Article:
Ditching gluten doesn’t have to mean
giving up your favorite foods.
By Jodi Helmer
Cathy Sheafor underwent countless blood tests, brain scans and MRIs in the hopes of figuring out what was causing her low-grade headaches, tingling extremities and chronic malaise.
After living with these symptoms for five years, Sheafor, a 47-year-old swimming coach in Charlotte, North Carolina, still did not have answers. An integrative physician suggested she give up gluten.
Sheafor admits she was skeptical—“I thought there was no way changing my diet could make me feel better,” she recalls—but she was so desperate that she agreed to eliminate foods such as bread, pasta and pizza from her diet. Within a week, the symptoms that had plagued her for years disappeared.
After 10 days without gluten, Sheafor “felt incredible. I didn’t know it was possible to feel that good.”
Gluten, the protein found in grains such as wheat, barley and rye, can cause symptoms ranging from bloating, constipation and weight gain to joint pain, headaches and depression. The responses range from mild intolerances to celiac disease, the autoimmune disorder that damages the small intestine and blocks food absorption. There are no pharmaceutical treatments for gluten intolerance or celiac disease; the only “cure” is a gluten-free diet. What’s more, some people find a bonus in the form of easier weight loss when they give up gluten.
Eliminating gluten might sound daunting. However, Beth Hillson, president of the American Celiac Disease Alliance and author of The Complete Guide to Living Well Gluten-Free and Gluten-Free Makeovers (both Da Capo Lifelong), says, “Everyone can eat well on a gluten-free diet.”
While a gluten-free diet can be filled with a delicious and filling variety of foods, you need to identify trigger foods and learn how to make smart substitutions.
“You have to be a food sleuth and make sure you read all of the labels so you know which foods contain gluten,” says Jennifer McDaniel, RD, a spokesperson for the Academy of Nutrition and Dietetics.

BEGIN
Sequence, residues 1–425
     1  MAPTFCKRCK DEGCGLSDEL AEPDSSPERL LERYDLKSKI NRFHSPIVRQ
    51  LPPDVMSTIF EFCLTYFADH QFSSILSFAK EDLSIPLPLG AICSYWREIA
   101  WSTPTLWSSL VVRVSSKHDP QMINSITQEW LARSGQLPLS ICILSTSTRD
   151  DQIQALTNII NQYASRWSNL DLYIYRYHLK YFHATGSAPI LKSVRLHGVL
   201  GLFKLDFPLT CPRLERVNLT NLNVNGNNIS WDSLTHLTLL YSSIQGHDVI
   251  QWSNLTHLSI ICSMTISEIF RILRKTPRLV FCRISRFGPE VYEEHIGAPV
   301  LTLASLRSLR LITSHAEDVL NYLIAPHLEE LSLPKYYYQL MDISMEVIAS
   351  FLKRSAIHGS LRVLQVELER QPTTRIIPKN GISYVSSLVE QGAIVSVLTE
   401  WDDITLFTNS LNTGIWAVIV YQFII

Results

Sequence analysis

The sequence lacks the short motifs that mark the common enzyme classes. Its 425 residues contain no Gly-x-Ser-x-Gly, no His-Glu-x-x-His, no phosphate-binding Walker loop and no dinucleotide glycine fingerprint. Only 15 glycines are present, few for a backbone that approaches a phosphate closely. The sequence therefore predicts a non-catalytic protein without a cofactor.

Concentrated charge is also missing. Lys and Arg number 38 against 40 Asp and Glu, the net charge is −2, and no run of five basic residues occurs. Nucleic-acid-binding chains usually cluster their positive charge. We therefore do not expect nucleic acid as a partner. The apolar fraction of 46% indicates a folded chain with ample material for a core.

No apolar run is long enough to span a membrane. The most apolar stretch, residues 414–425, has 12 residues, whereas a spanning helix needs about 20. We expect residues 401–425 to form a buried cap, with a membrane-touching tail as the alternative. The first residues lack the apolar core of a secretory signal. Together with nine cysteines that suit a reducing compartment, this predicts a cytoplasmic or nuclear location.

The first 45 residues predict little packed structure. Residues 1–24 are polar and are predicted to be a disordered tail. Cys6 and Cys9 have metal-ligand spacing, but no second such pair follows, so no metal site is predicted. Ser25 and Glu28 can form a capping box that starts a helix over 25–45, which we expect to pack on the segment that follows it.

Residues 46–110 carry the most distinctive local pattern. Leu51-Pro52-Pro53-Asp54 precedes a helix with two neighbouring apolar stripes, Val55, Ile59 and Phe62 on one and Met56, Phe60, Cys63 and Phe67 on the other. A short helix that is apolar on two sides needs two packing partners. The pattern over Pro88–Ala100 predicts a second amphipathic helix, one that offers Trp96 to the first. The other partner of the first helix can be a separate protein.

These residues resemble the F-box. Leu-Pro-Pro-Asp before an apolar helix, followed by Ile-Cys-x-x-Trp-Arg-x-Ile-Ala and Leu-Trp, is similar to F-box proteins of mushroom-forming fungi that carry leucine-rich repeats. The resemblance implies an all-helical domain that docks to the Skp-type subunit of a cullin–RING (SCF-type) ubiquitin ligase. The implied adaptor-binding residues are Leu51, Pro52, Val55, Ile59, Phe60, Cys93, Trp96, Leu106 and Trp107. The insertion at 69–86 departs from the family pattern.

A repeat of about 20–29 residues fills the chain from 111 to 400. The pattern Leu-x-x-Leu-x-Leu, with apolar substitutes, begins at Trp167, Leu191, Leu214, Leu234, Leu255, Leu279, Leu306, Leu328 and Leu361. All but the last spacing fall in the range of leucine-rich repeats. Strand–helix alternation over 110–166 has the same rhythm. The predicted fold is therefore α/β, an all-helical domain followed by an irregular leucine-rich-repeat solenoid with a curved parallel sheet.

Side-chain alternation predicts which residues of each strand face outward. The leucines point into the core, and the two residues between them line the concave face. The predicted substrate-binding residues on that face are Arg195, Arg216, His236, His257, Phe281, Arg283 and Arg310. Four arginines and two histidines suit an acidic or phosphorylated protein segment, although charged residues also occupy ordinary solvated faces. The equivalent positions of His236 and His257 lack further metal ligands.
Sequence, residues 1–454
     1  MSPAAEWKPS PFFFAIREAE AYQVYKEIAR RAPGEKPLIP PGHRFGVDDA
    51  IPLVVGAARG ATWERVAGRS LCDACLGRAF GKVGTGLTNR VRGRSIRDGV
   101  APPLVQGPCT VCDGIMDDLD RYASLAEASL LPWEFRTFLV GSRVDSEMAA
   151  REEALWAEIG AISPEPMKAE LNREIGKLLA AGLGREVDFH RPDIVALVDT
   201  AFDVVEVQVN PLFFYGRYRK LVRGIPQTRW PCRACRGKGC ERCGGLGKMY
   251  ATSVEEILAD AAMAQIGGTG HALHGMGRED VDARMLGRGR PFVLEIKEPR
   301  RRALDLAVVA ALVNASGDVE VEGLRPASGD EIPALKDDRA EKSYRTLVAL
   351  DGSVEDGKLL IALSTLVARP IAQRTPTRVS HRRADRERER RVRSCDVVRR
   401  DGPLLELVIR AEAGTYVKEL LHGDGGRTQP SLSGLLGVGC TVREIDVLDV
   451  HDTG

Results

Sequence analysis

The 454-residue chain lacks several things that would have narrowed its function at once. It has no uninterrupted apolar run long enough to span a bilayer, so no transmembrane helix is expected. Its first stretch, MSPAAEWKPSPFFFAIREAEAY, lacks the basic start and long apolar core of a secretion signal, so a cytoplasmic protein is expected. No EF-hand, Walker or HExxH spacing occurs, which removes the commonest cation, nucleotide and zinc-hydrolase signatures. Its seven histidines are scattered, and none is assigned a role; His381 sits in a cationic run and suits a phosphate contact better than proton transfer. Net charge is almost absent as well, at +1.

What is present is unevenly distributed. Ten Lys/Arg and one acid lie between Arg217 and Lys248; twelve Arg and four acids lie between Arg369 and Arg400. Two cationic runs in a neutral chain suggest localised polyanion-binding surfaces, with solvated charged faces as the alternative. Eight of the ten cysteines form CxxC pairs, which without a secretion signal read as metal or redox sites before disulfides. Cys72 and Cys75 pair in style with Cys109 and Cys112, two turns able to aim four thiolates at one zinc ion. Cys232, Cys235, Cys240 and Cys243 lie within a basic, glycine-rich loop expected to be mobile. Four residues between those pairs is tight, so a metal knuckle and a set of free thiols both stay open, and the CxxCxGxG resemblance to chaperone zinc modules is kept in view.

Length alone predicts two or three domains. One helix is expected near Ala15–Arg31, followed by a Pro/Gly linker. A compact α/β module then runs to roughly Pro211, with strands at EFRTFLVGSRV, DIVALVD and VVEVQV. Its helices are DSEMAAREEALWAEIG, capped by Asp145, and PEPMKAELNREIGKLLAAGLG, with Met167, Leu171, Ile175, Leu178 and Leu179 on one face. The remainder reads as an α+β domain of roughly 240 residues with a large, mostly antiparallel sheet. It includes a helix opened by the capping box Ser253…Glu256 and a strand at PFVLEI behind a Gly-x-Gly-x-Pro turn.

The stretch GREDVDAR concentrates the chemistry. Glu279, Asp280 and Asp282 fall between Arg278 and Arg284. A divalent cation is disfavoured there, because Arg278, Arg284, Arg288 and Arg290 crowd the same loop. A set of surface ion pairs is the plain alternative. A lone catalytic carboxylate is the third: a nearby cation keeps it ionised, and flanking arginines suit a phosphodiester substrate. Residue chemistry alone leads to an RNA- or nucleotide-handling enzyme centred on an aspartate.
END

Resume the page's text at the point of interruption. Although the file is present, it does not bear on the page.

While it’s well known that gluten is found in bread, pasta and cereal, it also lurks in foods ranging from soy sauce and salad dressing to deli meat.
The Food and Drug Administration is making it easier to identify gluten-free foods in the marketplace. Starting in August, all food manufacturers who use the “gluten-free” label on their packages must adhere to a strict gluten limit of less than 20 parts per million. The labeling law, coupled with an expanding selection of gluten-free products on store shelves, makes it easier to adopt a gluten-free diet.
“We’re seeing entire aisles in the supermarket dedicated to gluten-free foods,” McDaniel says. “There are so many choices. You don’t have to give up your favorite foods or change the way you feed your family.”
When Kate Hanley experimented with a gluten-free diet at the suggestion of her naturopath, she worried that giving up her favorite foods would make her feel deprived. But she went ahead and added more fruits and vegetables to her diet, stocked up on gluten-free beer, bread and pancake mix, and waited to see if the changes would have a positive impact on her health.
Within a week of making the transition to a gluten-free diet in 2012, Hanley, 43, a mind/body coach and author in Providence, Rhode Island, lost 10 pounds while finding relief from her PMS symptoms, better control of her digestive system and an increase in energy levels.
“I wasn't thinking I was going to do it forever,” she recalls. “I was just going to test it. But after three weeks, I felt so good I didn't want to eat gluten again.”
While Hanley appreciated the health benefits of going gluten-free, the transition took some getting used to. “That first week or so of figuring out what to eat instead of what I used to eat was a challenge,” she says.
Making Healthy Swaps
It’s also helpful to read the labels of gluten-free foods, too. “When manufacturers change the recipes to eliminate gluten, they often add extra salt or fat to make them taste better,” says McDaniel. “Some gluten-free foods have more calories than the same foods with gluten.”
When it comes to replacing processed foods like breads, condiments and snacks, McDaniel suggests choosing products with the shortest ingredient lists and most pronounceable ingredients. Other simple swaps—grits instead of oatmeal, breakfast burritos made from corn tortillas and replacing soy sauce with tamari—help eliminate gluten without dramatically changing your diet.
Instead of toast, Hanley eats eggs, avocado and cheese. The combination of protein and healthy fats keeps her feeling fuller longer.